CHENNAI: Kamala* pulls nine-hour shifts sweeping eight streets in the city, right from dawn till the blazing afternoon sun saps her out - a dedicated toil to earn the promised Rs 9,000 a month. But in reality, what the daily wage worker takes back home to feed her four kids and keep a roof above her head is far lesser. Ask her where the remaining vanishes and she quietly lists out: “Rs 500 is the monthly bribe that is automatically seized from our salaries by superiors. Another Rs 500 for cleaning vehicles that come up for repair work - tyre puncture, filling air, tube bursts. Tube bursts are the worst,” says the 30-year-old who has been part of this routine for eight years now. And when she or anyone dared to take even 3 or 4 days’ medical leave or leave for the death of parents, a week’s salary was cut with a cold rhetoric, “we are answerable for your absenteeism; so take what you get or leave,”.
But it does not nearly end there. For Kamala and a sizable number of contract-based conservancy workers forming the backbone of the city Corporation’s labour populace, there is a huge laundry list of daily agonies that have become a part and parcel of their work. With no toilets facilities or even changing rooms, the women have to swallow their shame and ask favors from residents, while some, too ashamed to do so, are brusquely pointed to road corners.
“Especially during the menstrual cycle, it is highly torturous for us women to endure the attitude of our bosses. Even when we have borne the embarrassment of telling them about our condition, asking to be let off work once we are done, the answer remains ‘go but don’t come back from tomorrow’,” says 41-year-old Muthumari* who works along with Kamala.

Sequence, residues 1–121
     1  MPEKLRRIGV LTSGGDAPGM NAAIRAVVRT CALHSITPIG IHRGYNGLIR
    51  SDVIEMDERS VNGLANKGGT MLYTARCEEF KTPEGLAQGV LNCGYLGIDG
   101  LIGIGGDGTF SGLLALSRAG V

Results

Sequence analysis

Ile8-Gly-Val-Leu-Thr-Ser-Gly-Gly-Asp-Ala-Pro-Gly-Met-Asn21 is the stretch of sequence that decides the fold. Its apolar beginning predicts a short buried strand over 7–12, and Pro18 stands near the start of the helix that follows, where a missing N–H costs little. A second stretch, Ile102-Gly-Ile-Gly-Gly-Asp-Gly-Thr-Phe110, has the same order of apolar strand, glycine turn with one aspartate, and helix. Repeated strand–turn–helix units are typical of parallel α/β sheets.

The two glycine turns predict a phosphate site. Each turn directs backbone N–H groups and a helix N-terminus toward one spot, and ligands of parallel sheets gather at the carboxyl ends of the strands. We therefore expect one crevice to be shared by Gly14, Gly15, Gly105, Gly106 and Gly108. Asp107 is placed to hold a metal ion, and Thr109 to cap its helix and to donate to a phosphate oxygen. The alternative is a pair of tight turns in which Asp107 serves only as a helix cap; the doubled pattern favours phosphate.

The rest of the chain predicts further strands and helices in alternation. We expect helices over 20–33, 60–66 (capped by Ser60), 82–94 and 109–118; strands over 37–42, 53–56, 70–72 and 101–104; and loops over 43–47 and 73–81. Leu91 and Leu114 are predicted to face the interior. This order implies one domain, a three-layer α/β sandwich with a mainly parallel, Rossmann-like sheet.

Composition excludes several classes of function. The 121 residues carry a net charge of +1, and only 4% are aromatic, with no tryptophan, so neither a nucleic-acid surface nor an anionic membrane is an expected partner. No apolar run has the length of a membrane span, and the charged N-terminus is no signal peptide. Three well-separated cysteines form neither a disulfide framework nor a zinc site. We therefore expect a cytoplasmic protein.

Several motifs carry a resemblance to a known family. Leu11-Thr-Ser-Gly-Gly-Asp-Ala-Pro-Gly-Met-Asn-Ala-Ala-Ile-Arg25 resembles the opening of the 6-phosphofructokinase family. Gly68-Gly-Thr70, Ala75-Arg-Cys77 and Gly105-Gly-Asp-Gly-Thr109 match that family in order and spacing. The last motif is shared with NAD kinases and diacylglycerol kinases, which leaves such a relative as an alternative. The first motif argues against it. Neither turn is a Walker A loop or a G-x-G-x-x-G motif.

“I don’t ever get to see my son to school or attend even a single parent-teacher meeting. I don’t get that half-an hour leeway even though he studies close by where I work,” says Meena*, who clears garbage for a company that serves ward 96 (Anna Nagar).
But that is not all. From the broomstick she uses to sweep to the gloves, mask, shoes and raincoats - everything required to do her work comes out of her old thatchy pocket. “They don’t buy us any equipment. I buy three broomsticks a month. I end up spending for some company, bribing corporation officials and god knows who else just to keep my job,” she says voice choked in tears.
As an insult to injury, she adds that their jobs are often the target of jibes and taunts from drunk lorry drivers and seedy officials, whom they have to brave every day. The lack of a job status (a valid Identity card and Provident Fund) denied by almost all companies enlisted by the civic body as it is a contract-based work also exposes them to a host of problems.
“Last night there was a robbery alarm in one of the neighborhoods where my husband works. He is a very straightforward man, and has even been awarded for his work. But last night, that didn’t matter. All that mattered was that he claimed to be a sanitation worker but could not even produce an ID card. He was roughed up and carried to the police station despite being innocent,” adds Kamala quietly.